Once you have determined your exit strategy and pricing, there are some additional concrete steps to take. Working with your accountant, you want to put together the following information for prospective buyers:
- Revenue and EBITDA numbers for the past five years
- Revenue from your top five accounts over the past five years
- Vertical specialization
- Mix of direct clients and work subcontracted by other LSPs
- Production process, office locations, number of personnel in these offices
Ideally, you create a one- or two-page brochure with some of the above information and the marketing spin on why your company is special: brand recognition, long-term customers, 98% customer satisfaction, you get the picture. Basically, what makes you unique and valuable as a business.
Don’t Be the Knife
Once you are “on the market” and talking to prospective buyers, there are several next steps, such as exchanging NDAs, providing your financial details, meeting with the owners and financial folks from the buyer.
Often, it is not the owner who holds the purse strings, but key investors who have to approve the deal. During this getting-to-know you process, it is important that you have a good level of comfort with the potential buyer. Are your values aligned? Do you have similar visions for your businesses and processes? In one case, the owner said he did not want to sell to a certain buyer because he did not trust him. Trust is an important component of the deal and must not be overlooked.
In another instance, the owner did not want to buy from a seller whose business had been losing money for five years and yet insisted on getting compensated all in a single upfront payment. This made the buyer uncomfortable. Investment bankers refer to this situation as “catching a falling knife.” You want to structure a deal where both sides are comfortable.
Trust is an important component of the deal and must not be overlooked
If the buyer determines there is a fit, he offers a Letter of Intent or LOI. The seller can then review the offer and make adjustments, changes, and suggestions. A Letter of Intent is just that, an intent to buy.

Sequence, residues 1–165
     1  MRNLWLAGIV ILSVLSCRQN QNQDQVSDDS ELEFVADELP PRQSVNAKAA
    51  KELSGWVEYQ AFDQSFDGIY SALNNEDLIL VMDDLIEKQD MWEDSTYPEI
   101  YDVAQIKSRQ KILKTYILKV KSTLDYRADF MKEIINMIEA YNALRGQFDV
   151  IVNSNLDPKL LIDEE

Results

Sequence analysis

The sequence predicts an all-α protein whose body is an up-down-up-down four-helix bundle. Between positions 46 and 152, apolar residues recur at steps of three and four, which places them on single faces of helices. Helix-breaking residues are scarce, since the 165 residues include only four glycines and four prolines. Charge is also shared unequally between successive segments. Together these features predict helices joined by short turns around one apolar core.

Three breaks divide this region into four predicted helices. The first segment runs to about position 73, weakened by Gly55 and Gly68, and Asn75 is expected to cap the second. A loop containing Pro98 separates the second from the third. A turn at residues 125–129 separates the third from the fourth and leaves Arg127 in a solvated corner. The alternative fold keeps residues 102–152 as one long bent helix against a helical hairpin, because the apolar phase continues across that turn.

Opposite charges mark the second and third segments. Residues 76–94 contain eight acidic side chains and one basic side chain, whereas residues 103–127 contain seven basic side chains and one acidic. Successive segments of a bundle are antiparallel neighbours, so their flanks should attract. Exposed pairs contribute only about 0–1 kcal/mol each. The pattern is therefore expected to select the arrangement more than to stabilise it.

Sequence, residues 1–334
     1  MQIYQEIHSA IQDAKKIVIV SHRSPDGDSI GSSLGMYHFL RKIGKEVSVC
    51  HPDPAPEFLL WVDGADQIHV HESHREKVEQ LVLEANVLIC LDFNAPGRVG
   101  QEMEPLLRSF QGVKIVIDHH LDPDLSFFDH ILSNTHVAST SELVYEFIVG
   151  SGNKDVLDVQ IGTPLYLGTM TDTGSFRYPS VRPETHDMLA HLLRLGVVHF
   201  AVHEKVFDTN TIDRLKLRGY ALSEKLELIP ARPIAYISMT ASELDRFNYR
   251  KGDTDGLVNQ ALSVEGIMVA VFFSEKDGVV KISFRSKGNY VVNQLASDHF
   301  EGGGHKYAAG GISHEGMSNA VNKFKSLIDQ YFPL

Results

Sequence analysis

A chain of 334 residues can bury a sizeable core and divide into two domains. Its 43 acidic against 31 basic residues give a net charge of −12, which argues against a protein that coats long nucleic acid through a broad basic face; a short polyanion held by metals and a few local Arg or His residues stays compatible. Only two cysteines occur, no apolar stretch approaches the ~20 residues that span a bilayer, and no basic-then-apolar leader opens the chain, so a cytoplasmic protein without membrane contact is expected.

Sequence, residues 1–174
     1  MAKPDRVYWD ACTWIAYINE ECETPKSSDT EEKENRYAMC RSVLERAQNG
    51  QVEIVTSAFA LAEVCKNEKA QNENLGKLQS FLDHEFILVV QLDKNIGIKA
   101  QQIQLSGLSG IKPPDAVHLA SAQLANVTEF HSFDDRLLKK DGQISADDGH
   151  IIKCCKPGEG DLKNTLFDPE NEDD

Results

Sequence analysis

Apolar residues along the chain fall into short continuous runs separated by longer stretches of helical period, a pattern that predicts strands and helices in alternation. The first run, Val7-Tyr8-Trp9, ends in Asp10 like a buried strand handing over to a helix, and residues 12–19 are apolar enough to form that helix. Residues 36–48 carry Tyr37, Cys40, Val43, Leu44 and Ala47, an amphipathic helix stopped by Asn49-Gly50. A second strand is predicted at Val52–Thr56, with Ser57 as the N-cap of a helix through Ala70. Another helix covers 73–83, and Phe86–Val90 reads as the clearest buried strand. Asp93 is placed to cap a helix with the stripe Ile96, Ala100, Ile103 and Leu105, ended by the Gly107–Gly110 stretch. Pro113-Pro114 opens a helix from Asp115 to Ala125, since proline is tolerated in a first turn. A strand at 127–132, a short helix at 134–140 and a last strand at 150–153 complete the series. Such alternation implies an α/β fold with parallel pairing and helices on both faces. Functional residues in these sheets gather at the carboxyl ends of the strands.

The next step is due diligence. This includes a review of the following:
- Articles of incorporation, stockholder list
- Contingent liabilities (Any litigation past or present ?)
- Regulatory compliances with state and federal government
- Client lists and distributions (Does one client represent 50% of your business ?)
- Income taxes, profit and loss statements, cash flow
Say both sides now agree they want to do the deal. Just as a young couple agrees they want to have a child, this does not guarantee a pregnancy. Myriad obstacles could result in the deal falling through, such as the following:
- The seller may lose a top account during the process
- The buyer may lose funding from the bank or private equity
- The buyer could discover that long-term contracts with government are based on owner minority status — which would go away with the ownership change
- Majority stockholders are not happy with the purchase price
Finally, the deal happens. The partner gets pregnant and you finally achieve what you were looking for. As any parent knows, there is a lot of work ahead.
Next steps during the transition include informing employees, communicating with clients, transitioning insurance, structuring and tracking payments, and determining future liabilities.
The best ending for this process is a win-win. New company grows the business, former owner gets a higher payout.